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    Citation Citation Presentation Transcript

    • Citation
    • CitationThere are two ways in which you canrefer to, or cite, another person’s work.• Direct quotation• Reporting (through summary or paraphrase)
    • Direct Quotation
    • Direct QuotationYou may want to quote the exact wordsof another author in your work. Forexample:A further way of showing that a school is fullyinclusive as suggested by Davies is when ‘schools willmonitor the progress of boys and girls and wherethere is an attainment gap will put in interventionstrategies to improve performance’. (Davies, 2006: 155)
    • Direct QuotationRules for quoting• Keep the quotation as brief as possible• Quote only when necessary (Guideline: no more than 3 short quotes per page)• Emphasis should be on working with other people’s ideas, not reproducing their words• Your work should be a synthesis of information from sources, expressed in your own words, not a collection of quotes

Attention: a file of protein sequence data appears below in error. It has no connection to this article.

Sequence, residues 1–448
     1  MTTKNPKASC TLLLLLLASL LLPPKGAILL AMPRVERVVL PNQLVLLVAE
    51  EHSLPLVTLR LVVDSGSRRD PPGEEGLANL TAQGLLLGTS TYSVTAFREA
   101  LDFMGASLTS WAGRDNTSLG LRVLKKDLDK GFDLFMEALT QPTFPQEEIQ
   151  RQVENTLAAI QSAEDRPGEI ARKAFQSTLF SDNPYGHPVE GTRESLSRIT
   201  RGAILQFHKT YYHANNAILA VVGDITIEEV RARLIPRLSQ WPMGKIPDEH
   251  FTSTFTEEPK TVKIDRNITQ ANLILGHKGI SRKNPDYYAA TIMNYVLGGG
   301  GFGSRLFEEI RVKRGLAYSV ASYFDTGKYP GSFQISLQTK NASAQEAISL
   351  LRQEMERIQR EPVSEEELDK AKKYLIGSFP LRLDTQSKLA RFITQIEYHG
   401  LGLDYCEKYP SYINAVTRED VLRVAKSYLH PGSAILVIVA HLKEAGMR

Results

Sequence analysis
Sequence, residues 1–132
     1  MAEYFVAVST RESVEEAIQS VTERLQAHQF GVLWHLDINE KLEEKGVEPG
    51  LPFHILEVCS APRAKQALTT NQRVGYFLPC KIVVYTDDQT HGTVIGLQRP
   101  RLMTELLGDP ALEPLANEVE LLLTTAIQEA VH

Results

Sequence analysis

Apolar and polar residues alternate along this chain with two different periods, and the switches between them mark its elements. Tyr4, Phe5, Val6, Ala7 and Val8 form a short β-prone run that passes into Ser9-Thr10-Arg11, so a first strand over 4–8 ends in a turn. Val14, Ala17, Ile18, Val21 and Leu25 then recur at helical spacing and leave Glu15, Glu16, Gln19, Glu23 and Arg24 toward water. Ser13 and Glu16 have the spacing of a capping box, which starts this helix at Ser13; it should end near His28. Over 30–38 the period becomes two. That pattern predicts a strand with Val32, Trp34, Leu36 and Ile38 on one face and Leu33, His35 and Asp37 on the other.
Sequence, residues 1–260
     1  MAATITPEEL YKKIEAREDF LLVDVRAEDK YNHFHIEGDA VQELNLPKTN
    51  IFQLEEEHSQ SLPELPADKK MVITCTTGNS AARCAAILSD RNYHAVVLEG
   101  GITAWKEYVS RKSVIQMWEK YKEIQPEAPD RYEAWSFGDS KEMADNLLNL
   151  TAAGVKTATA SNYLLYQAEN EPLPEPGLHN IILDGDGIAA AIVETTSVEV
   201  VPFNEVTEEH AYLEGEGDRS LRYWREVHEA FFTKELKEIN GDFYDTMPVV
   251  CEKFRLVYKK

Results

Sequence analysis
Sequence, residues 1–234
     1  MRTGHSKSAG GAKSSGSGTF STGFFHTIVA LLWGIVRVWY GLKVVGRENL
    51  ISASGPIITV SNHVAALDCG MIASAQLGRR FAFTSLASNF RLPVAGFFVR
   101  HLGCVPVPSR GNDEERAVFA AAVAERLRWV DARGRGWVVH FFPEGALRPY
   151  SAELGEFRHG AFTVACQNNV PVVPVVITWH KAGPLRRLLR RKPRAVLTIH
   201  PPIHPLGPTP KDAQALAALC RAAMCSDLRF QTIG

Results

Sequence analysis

• Direct QuotationReasons for using quotations:• The language used in the quotation says what you want to say particularly well• You need to support your points by • Quoting evidence • Giving examples/illustrating • Adding weight of authority
    • Direct QuotationReasons for not using quotations:• The information is well-known in your subject area• The quote disagrees with your argument (unless you can prove it is wrong)• You cannot understand the meaning of the original source• Your are not able to summarize the original• In order to make you point for you• If the quote repeats the point you have just made
    • Direct Quotation Three items of information are needed to acknowledge a quote within your assignment• Author or author’s surname(s)• Year of publication• Page number from which the quote was taken Note: the position of this information can vary
    • Direct QuotationExamples: Brassington and Pettitt (2006:312) state that: ‘The danger is, of course, that by trying to avoid challenging anyone linguistically, imagination is lost and the Eurobrand becomes the Eurobland.’ According to Brassington and Pettitt (2006), ‘The danger is, of course, that by trying to avoid challenging anyone linguistically, imagination is lost and the Eurobrand becomes the Eurobland’ (p.213).